“And by this we know that we have come to know him, if we keep his commandments. 4 Whoever says “I know him” but does not keep his commandments is a liar, and the truth is not in him, 5 but whoever keeps his word, in him truly the love of God is perfected. By this we may know that we are in him: 6 whoever says he abides in him ought to walk in the same way in which he walked.” 1 John 2:3–6 (ESV)
“Everyone who makes a practice of sinning also practices lawlessness; sin is lawlessness. 5 You know that he appeared in order to take away sins, and in him there is no sin. 6 No one who abides in him keeps on sinning; no one who keeps on sinning has either seen him or known him. 7 Little children, let no one deceive you. Whoever practices righteousness is righteous, as he is righteous. 8 Whoever makes a practice of sinning is of the devil, for the devil has been sinning from the beginning. The reason the Son of God appeared was to destroy the works of the devil.” 1 John 3:4–8 (ESV)
The phrase, “God is love and love is love” is undoubtedly only used when discussing homosexual unions. We overlook this sin by saying God is love, and love is love, and I love my partner so God must be okay with it. And if he isn’t, then he isn’t a God I want to worship.” There is no logical connection between God being love and having to accept your love for someone else not named God. God is love, unquestioned, but you do not get to distort what that love looks like because you are in bondage to your sin. Just for a minute I want you to imagine applying that phrase to any other sin. Imagine your alcoholic best friend absolutely loving to get toasted every day of the week, and, by this logic, God is okay with it because he is love and the love of your alcoholic friend for that beverage is love, too. How about your family member who is sleeping around on his wife with the lady at work because he loves her, but he also loves his wife. Does that make it okay? The absolutely sickening movement known as MAPs (minor attracted persons) came from the slippery slope of love is love. Where does it end if we get to define love? That pedophile loves young boys so who are you to say that’s wrong? Love is love! It’s joyous! There are no boundaries. And don’t forget, so long as love is love God is also love and okay with it.
If you read through 1 John in one swipe, you get a feel that John relates knowing Christ and loving Christ as two in the same. While it is true that this love from God isn’t a two way street from the garage to the grocery store, it does become a two way street when our eyes are opened to the riches of Christ. God calls us out of the darkness, and he does it because he loves us. Look:
“It was not because you were more in number than any other people that the LORD set his love on you and chose you, for you were the fewest of all peoples, but it is because the LORD loves you and is keeping the oath that he swore to your fathers, that the LORD has brought you out with a mighty hand and redeemed you from the house of slavery, from the hand of Pharaoh king of Egypt.“ Deuteronomy 7:7–8
“..but God shows his love for us in that while we were still sinners, Christ died for us.” Romans 5:8
This is the entire doctrine of unconditional election. God set his affections on us, not because of anything we did, but because he loved us. He loved us even when we were His enemy. And once this love is made clear to us by God’s revelation, there is a mutual loving and thankfulness back to our creator. Now, since this is now a two-way street, when we say we love God we must understand that we are liars and of our father the devil if we do not manifest that love in our obedience to the Word. As seen above, “No one who abides in him keeps on sinning; no one who keeps on sinning has either seen him or known him.” And, “Whoever says ‘I know him’ but does not keep his commandments is a liar, and the truth is not in him.” You cannot live openly and unabashedly in what is clearly a sin and continue to call yourself a lover of Christ. Also, you cannot affirm this sin either. This in itself is a sin. Paul groups in along with the fornicators and gossipers and homosexuals in Romans 1 “those who give approval to those who practice them.” Each day we crucify our flesh and put to death the sin that remains in us. Yes you will stumble. Yes, it most likely won‘t happen over night. No, you will never be perfect in this unglorified body. But Christ is merciful and died for that. He bid you take up your cross and die to yourself daily. Which leads me to the true definition of love.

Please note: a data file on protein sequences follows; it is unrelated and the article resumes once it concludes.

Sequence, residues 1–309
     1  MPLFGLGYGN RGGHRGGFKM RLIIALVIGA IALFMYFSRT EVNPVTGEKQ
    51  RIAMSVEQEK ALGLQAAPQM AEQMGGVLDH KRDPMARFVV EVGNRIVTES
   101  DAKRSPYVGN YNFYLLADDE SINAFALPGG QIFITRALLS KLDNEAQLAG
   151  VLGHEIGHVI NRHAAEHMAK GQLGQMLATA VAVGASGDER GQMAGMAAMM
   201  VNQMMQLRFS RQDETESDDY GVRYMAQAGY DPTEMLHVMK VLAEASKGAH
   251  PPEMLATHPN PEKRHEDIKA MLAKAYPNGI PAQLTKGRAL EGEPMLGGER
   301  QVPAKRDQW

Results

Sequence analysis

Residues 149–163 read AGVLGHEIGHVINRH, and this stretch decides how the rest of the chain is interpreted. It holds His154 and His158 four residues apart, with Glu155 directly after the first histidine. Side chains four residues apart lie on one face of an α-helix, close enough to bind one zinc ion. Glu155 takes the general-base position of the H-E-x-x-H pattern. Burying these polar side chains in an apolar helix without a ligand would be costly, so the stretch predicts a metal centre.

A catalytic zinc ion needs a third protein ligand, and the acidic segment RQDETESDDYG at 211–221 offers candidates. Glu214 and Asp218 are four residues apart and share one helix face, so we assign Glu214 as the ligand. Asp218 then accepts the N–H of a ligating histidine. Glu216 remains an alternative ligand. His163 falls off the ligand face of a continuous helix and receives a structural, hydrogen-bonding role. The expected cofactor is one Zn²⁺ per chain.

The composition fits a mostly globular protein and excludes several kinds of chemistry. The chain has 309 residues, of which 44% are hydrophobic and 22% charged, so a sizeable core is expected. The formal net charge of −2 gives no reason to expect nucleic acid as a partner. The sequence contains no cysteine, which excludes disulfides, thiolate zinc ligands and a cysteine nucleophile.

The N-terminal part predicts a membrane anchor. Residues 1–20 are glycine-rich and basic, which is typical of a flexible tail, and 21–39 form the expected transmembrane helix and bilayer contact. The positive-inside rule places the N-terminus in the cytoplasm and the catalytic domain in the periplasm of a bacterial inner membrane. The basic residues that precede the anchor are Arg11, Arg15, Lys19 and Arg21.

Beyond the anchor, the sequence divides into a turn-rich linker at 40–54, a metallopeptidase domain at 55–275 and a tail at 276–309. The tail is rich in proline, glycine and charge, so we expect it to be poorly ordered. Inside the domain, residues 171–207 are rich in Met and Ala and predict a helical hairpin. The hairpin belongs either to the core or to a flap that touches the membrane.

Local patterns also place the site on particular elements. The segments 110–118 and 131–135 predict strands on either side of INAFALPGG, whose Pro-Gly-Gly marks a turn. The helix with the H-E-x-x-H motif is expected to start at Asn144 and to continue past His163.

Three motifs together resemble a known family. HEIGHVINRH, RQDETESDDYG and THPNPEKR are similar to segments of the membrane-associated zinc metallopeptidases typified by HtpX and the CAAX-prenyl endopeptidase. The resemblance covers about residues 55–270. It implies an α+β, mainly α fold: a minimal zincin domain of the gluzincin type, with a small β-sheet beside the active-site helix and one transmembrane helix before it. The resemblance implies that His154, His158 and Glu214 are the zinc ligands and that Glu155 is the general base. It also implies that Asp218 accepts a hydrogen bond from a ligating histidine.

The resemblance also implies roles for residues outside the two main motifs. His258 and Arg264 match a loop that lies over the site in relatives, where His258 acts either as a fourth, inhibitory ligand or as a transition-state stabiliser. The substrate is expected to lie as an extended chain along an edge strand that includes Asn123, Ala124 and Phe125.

Death for Life
“In this is love, not that we have loved God but that he loved us and sent his Son to be the propitiation for our sins.” 1 John 4:10 (ESV)
What is the definition of God’s love for us? Christ’s death on the cross. Propitiation is atonement. Christ appeased the wrath of God deserved by us and bore it on His shoulders that we may have life and life abundantly. Not that we can throw around phrases like, “God is love and love is love.” Christ didn‘t die so you could play semantics with your sin. He died that you would repent and take up your cross and follow him. Praise God that He is merciful. Praise God, that though he knew we would try to run from our guilt by playing word games, he sent His son nonetheless.
Grace, mercy, and peace will be with us, from God the Father and from Jesus Christ the Father’s Son, in truth and love. -2 John 3